Health benefitsRegular exercise (walking or swimming, for example) will help you control your weight, reduce the risk of some illnesses associated with pregnancy, and may also help you sleep better at night. Add some strength-training to keep your muscles toned and strong, and to help with your posture as your center of gravity shifts along with your growing belly.
The latest research shows that regular exercise is not only smart and safe for pregnant women, but may also enhance their experience. "Many women say that exercise reduces the aches and pains associated with pregnancy, and boosts their energy levels and self-esteem," says prenatal fitness expert Larry A. Wolfe, Ph.D., director of the clinical exercise physiology laboratory at Queen's University, in Ontario, Canada.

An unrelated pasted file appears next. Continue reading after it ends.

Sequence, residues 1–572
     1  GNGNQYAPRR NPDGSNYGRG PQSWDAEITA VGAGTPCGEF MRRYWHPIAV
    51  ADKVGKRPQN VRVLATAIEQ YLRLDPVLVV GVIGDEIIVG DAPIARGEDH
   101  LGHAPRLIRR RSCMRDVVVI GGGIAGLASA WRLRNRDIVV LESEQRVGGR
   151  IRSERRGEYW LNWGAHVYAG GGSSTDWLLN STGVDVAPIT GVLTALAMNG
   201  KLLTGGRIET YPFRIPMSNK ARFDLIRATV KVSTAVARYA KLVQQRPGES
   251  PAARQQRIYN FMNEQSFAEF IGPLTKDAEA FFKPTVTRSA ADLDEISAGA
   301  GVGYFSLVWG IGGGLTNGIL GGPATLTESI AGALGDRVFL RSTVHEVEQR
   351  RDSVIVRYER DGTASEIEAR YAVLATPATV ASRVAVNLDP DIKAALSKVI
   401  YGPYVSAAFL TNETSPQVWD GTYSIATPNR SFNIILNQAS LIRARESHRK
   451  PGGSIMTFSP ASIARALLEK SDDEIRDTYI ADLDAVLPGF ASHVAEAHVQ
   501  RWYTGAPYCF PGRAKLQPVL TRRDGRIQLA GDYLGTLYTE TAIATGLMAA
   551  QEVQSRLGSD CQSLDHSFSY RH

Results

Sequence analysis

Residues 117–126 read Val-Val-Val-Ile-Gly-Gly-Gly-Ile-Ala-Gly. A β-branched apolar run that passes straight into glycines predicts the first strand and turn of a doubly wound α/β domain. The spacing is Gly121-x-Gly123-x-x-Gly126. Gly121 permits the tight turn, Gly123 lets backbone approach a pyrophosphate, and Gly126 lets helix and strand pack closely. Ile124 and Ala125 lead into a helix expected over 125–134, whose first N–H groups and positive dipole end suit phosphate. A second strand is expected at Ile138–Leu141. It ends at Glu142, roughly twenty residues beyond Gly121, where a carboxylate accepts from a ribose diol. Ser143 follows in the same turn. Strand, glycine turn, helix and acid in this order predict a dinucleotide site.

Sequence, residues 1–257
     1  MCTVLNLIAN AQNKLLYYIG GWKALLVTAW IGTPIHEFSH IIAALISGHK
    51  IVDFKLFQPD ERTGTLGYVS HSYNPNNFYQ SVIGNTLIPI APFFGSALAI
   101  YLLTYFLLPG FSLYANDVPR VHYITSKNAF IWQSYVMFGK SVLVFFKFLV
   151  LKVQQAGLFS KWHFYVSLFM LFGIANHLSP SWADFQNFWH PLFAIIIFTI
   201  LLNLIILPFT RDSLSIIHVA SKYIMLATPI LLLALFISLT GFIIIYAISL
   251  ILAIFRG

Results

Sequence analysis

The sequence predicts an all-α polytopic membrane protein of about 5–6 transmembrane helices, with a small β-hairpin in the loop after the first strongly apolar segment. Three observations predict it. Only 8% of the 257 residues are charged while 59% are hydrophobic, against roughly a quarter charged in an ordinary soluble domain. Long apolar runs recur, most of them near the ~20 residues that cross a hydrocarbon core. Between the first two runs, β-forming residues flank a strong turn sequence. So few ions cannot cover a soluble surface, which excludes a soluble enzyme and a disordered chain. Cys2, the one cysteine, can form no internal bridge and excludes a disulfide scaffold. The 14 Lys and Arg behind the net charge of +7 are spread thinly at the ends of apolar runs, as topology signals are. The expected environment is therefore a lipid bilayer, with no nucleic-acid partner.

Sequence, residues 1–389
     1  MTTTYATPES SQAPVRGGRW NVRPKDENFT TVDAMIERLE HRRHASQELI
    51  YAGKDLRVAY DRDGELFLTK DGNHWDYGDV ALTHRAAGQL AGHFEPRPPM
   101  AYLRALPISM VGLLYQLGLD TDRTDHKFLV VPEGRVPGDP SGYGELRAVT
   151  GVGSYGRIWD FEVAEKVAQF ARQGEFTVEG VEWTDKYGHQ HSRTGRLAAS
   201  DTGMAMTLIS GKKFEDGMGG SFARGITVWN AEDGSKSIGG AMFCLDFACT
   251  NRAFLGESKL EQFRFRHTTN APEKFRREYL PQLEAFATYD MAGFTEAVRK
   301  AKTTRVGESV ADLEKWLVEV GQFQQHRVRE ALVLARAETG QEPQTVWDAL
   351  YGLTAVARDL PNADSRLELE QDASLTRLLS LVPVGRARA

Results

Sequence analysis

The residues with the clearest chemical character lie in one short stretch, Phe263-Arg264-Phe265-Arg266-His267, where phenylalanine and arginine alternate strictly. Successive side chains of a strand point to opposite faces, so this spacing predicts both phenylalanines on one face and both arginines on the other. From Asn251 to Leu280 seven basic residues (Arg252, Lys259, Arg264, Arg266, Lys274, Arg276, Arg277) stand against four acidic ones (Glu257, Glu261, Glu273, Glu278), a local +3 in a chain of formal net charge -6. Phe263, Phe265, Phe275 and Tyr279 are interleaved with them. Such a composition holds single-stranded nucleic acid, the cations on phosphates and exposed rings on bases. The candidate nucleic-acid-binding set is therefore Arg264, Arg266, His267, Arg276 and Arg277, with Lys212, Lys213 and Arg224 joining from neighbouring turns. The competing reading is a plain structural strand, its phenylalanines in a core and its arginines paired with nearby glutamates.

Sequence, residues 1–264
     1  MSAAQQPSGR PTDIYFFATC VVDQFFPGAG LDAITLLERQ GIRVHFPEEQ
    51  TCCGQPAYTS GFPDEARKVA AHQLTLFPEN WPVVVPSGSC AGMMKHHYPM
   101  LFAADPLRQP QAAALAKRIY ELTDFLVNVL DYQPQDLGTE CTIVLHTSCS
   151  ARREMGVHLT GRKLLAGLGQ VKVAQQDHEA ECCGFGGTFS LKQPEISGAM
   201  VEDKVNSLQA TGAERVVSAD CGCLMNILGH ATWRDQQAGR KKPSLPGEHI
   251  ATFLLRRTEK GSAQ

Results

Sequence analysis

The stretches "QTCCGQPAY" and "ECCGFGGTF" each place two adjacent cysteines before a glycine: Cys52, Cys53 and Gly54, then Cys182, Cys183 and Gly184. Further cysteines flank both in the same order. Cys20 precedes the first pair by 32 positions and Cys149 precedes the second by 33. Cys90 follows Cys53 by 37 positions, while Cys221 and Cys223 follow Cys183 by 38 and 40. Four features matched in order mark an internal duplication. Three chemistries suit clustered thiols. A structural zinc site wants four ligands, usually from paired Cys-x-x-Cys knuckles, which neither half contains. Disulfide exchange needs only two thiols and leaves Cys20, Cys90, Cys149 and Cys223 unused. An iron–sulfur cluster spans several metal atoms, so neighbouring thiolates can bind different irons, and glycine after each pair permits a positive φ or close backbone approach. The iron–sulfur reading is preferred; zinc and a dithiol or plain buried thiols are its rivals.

Wolfe says that while there's no proof that exercise shortens labor or makes it less painful, or that it will prevent certain complications, many women who have participated in his research have told him that it gave them the stamina they needed to endure labor. Also, that being in shape made recovery from childbirth easier.
Even if you hadn't been exercising before your pregnancy, there's no reason you can't start a mild program now (with your physician's approval, of course). In fact, if there are no complications associated with your pregnancy, your physician will probably recommend it. "Our research suggests that regular exercise may reduce a women's risk of developing two of the most dangerous illnesses associated with pregnancy: Gestational diabetes and preeclampsia," says Wolfe.
That's reason enough to ask your physician to recommend a prenatal fitness class. Remember, this isn't a time to train hard; your goal should be to maintain a fitness level you feel good about so you can reap the physical and emotional benefits during your pregnancy, withstand labor, and recover from childbirth more quickly.